Mark Phelps
Mark Phelps is a senior editor at AVweb. He is an instrument rated private pilot and former owner of a Grumman American AA1B and a V-tail Bonanza.

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  1. I still don’t understand how this ever gained FCC approval. Isn’t one of the first rules “this device shall not cause harmful interference”?

    • You’re forgetting the 2nd part as it pertains to all others:

      “ (2) this device must accept any interference received, including interference that may cause undesired operation.”

      Magnificent display of circular reasoning.

  2. They knew it would cause problems and approved it anyway. The fair solution would be to only fine those individuals that approved it.

  3. There is a simple explanation as to why this ever got approved.
    The universal response is to blame Trump for this as well as every other negative issue or problem.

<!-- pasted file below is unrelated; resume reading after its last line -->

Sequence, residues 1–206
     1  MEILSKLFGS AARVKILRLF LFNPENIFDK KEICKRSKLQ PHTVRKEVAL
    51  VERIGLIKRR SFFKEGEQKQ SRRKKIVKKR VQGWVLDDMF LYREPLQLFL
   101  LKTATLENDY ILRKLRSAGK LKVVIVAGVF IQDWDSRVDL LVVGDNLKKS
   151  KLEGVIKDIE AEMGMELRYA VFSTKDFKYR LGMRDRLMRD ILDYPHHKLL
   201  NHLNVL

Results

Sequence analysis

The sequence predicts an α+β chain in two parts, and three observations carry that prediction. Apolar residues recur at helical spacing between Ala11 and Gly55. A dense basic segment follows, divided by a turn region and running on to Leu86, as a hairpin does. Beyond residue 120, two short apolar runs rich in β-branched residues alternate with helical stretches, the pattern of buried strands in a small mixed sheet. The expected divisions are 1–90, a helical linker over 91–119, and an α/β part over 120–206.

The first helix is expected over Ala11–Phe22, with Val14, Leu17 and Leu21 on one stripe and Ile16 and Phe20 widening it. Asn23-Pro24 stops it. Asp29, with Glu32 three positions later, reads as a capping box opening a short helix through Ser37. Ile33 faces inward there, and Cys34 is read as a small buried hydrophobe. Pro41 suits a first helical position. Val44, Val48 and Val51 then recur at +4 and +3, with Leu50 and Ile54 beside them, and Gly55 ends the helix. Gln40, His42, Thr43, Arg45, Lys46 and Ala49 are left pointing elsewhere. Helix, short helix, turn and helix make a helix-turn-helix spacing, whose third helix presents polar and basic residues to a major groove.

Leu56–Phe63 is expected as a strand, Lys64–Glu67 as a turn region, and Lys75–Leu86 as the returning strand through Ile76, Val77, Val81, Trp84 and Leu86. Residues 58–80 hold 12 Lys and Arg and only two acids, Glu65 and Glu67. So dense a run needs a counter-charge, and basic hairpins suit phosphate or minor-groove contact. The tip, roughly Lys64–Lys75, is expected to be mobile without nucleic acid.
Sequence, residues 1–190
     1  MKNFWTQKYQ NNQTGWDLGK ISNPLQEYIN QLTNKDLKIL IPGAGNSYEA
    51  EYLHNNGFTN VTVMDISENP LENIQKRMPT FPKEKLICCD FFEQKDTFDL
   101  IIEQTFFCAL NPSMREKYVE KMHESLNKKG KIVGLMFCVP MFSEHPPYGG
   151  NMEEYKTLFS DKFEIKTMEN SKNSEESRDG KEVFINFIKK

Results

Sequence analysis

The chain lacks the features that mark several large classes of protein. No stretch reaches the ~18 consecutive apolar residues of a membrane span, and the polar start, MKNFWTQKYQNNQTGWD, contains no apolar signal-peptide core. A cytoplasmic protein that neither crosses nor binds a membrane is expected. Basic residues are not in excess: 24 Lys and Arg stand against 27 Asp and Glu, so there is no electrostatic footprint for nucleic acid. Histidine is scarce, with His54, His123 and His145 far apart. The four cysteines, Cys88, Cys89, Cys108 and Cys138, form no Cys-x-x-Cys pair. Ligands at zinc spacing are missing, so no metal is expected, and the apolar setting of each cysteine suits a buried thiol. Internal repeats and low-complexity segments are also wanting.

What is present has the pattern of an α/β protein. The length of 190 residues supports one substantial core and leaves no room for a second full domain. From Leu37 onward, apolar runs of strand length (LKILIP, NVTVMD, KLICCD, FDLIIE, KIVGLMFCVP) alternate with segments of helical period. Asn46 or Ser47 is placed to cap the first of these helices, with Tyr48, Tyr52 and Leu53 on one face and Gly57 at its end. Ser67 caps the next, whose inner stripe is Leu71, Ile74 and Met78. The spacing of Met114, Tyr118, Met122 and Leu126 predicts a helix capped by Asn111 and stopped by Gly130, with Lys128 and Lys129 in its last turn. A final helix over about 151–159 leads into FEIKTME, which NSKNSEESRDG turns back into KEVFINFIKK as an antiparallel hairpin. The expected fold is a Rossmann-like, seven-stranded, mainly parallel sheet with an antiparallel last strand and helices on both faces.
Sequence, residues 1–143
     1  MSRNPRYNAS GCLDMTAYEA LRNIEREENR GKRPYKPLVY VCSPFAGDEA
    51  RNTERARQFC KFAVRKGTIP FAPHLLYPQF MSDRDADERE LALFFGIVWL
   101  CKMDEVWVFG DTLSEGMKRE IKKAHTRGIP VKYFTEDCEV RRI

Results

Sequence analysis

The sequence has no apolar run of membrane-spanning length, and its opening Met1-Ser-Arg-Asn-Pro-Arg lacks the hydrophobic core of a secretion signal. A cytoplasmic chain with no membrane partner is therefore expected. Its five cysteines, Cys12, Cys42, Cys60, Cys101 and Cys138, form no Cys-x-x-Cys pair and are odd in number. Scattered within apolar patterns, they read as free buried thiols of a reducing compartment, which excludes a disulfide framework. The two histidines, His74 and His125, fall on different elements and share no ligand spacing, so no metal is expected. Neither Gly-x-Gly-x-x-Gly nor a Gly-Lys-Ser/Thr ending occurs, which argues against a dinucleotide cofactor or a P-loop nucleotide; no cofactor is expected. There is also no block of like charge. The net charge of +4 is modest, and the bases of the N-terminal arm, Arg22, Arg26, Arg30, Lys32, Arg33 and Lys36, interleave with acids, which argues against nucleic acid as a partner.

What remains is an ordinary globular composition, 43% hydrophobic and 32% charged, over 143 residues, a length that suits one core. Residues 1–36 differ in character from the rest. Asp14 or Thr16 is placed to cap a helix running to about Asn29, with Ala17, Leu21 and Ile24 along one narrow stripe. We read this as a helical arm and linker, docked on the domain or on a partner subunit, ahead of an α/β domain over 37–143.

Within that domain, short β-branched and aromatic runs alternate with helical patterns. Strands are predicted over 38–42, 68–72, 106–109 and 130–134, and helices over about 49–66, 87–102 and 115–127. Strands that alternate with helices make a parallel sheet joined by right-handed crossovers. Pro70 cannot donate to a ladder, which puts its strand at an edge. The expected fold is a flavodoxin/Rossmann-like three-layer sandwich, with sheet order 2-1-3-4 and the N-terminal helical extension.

Just ask any doctor or Silicon Valley urchin.

  4. I read the April 2018 DOT Adjacent Band Compatibility Assessment report, which seems to be the last actual testing done to determine whether Ligado’s modified application will interfere with GPS. I would be embarrassed to write a report that contains such a poor “Executive Summary”. Basically, the FAA isn’t done testing and doesn’t really know if real world installations of Ligado’s base stations and antennas will cause interference with certified avionics GPS. The OST-R section of the report that focused on non-certified civilian GPS pretty much concluded that the Ligado network is likely to interfere with non-certified GPS up to 14 km from the 5G base station. Does anyone know the results of additional testing done since 2018?